The essentials of baby care
When the umbilical cord is cut, a small stump will be left behind which will quickly shrivel up and fall off in a few days. Keep it clean and dry, using cotton wool dampened with sterilised water to gently clean the base of the cord if necessary.
When you change your baby’s nappy, fold the front down so that it doesn’t irritate the stump. If it looks sore or you think it may be infected, speak to your midwife or GP.
BATHING YOUR BABY
Giving your tiny baby a bath is a lovely experience. However, babies don’t need bathing for some days after birth – at least until after the cord has dropped off.
When you do bathe your baby it is best to use plain water – evidence suggests babies washed only in water are less likely to develop eczema, rashes and similar skin conditions.
When introducing commercial baby wash to your baby’s bath and washing routine, it’s best to stick to mild formulations while your baby develops his or her own natural skin barriers.
In the first day or two, your baby’s nappies will contain a dark substance called ‘meconium’ which is sticky and tar-like. This is your baby’s earliest poo, composed of what the baby ingested while still in your womb including mucus, water and amniotic fluid. When your baby increases his milk intake, the poo will gradually become more soft and yellow and the amount of wee will also increase.
Nappies need to be changed regularly: when you know the nappy is dirty, change it straightaway; otherwise the nappy area will quickly become sore. It’s not unusual to change a tiny baby’s nappy every two hours in the early days. Changing dirty nappies is just as important at night: if you are organised and nappy changes are done quickly and quietly, it should not disturb the baby too much.
To begin with, stick to using water and cotton wool to clean your baby’s nappy area. After a few weeks you can introduce mild baby products to your cleaning routine.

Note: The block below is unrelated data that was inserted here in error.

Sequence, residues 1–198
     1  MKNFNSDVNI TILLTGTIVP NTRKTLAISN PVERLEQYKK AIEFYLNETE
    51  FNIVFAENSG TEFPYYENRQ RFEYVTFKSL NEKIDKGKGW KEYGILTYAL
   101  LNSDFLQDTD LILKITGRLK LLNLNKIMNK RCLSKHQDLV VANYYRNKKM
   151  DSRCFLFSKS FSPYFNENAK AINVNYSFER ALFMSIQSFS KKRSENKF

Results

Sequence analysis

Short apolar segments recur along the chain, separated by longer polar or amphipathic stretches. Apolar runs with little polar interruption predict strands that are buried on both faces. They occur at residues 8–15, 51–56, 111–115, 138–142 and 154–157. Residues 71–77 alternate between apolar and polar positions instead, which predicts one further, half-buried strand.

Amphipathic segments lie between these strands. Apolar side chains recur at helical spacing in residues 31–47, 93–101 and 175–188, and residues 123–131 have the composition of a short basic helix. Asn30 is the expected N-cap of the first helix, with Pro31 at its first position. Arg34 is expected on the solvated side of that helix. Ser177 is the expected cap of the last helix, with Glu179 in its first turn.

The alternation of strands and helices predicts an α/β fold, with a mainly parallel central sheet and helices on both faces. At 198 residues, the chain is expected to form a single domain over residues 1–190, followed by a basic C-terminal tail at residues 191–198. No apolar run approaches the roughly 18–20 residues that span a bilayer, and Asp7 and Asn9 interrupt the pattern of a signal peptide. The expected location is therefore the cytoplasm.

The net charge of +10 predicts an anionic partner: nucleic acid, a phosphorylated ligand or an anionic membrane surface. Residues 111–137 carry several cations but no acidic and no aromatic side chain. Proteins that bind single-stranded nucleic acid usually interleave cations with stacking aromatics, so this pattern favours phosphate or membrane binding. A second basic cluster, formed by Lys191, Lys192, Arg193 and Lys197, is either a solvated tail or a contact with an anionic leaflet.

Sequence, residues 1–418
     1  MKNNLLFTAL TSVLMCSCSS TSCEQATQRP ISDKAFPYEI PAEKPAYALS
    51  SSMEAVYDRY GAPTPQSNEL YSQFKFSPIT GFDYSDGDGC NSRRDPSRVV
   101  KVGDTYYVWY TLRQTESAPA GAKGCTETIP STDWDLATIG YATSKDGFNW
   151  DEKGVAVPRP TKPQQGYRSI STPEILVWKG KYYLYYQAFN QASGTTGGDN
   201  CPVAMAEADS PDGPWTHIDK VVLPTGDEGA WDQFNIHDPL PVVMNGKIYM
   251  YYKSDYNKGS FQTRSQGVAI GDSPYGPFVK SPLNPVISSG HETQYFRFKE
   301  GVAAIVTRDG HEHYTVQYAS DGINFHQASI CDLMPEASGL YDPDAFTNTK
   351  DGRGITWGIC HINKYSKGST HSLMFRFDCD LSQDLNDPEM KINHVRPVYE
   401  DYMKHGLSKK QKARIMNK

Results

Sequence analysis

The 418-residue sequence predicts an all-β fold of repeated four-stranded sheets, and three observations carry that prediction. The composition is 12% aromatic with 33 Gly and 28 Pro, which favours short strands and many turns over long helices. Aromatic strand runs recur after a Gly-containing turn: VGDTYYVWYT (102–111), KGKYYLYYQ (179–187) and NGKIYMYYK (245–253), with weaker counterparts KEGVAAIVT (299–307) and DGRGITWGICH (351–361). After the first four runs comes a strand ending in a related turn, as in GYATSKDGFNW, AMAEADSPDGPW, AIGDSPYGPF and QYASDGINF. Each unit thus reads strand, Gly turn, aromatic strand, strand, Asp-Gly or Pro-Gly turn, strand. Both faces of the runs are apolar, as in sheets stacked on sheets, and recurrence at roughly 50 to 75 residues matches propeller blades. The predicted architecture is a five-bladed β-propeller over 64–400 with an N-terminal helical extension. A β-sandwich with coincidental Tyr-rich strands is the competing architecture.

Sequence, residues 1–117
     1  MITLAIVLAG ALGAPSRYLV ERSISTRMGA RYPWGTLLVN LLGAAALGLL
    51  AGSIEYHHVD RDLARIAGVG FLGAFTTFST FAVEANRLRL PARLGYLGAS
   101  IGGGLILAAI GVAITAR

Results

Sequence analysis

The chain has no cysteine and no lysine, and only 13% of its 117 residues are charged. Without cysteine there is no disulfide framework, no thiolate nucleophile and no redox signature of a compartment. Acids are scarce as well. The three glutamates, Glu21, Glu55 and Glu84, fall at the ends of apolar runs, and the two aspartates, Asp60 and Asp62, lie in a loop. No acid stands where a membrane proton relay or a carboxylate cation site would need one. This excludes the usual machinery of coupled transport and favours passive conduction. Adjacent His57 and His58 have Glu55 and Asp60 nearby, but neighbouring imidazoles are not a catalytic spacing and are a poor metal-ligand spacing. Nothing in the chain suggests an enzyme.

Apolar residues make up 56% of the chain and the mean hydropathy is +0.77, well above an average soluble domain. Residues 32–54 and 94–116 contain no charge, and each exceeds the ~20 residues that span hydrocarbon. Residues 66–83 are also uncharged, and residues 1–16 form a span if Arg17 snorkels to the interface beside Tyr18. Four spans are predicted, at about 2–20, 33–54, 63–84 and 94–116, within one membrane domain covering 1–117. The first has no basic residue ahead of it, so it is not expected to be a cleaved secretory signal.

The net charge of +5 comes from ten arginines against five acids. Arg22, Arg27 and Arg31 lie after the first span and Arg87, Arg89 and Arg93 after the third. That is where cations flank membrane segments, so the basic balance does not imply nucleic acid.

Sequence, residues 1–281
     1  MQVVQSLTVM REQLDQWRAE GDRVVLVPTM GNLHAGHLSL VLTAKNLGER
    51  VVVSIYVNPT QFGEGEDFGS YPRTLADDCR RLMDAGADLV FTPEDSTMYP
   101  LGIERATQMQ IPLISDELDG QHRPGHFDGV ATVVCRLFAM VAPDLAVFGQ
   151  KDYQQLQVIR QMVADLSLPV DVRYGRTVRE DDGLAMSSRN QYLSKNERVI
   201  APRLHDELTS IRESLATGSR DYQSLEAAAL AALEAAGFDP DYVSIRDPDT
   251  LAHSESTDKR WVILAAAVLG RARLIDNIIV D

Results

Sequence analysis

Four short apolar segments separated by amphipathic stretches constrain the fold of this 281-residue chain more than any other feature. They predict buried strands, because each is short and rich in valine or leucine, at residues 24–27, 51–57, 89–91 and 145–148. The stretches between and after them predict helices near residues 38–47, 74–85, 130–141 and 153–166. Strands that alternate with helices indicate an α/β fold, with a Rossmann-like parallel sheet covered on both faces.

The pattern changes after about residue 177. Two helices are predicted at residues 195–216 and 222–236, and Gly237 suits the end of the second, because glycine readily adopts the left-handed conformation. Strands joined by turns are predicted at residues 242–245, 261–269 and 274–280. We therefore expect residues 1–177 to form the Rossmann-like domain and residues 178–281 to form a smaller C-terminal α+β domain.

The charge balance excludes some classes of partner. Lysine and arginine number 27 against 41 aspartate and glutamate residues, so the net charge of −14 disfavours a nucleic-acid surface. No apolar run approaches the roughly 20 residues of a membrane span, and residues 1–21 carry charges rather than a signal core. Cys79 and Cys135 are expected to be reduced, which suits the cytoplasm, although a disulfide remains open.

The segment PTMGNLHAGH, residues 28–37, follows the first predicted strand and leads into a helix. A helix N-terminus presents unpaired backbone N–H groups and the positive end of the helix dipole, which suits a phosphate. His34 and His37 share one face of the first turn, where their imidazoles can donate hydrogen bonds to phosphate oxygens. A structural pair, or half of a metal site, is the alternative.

A boys’ nappy area is easy to clean. But it can take at least two years for the foreskin to naturally retract from the penis. In the meantime, it’s important to avoid pulling the foreskin back to clean under it: it isn’t necessary and could cause bleeding and tissue damage.
Don’t be alarmed if you find his scrotum seems large after birth: this is normal and usually the result of exposure to your maternal hormones in the womb. They should go down in a few days.
Girls have more folds than boys and it’s important to clean from ‘front to back’. Her genitals may be swollen or red after birth but try not to worry: this is very normal and is due to exposure to your maternal hormones in the womb. This may also cause a white or bloodied vaginal discharge but this should quickly stop.
If you are concerned, or if the swelling or discharge continues for more than the first few weeks, speak to your midwife or family doctor.
Your tiny baby’s skin is very delicate and particularly prone to becoming dry. Keeping baths to a minimum will help minimise dry skin because bathing removes the baby’s natural oils. When you introduce bath time, restrict it to a few minutes and use warm water with a mild, soap-free baby wash or cleaner.
EYES, NOSE AND EARS
Never use cotton wool buds to clean your baby’s ears and nose. They can accidentally be pushed too far. It can also have the effect of pushing dirt further into the ear or nose. It’s best to use cotton wool (damped when necessary) to clean the nose and ears when necessary.
Use cool, sterilised water to gently wipe your baby’s eyes.
Baby’s nails grow very fast and it’s not uncommon for babies to scratch their faces. Scratch mitts can help solve that issue.
It’s advisable to resist cutting your baby’s nails for the first month. You might then be able to pinch them off with your fingers as they are very soft. Otherwise, cut them gently straight across with baby nail scissors, having another adult hold your baby if he or she wriggles.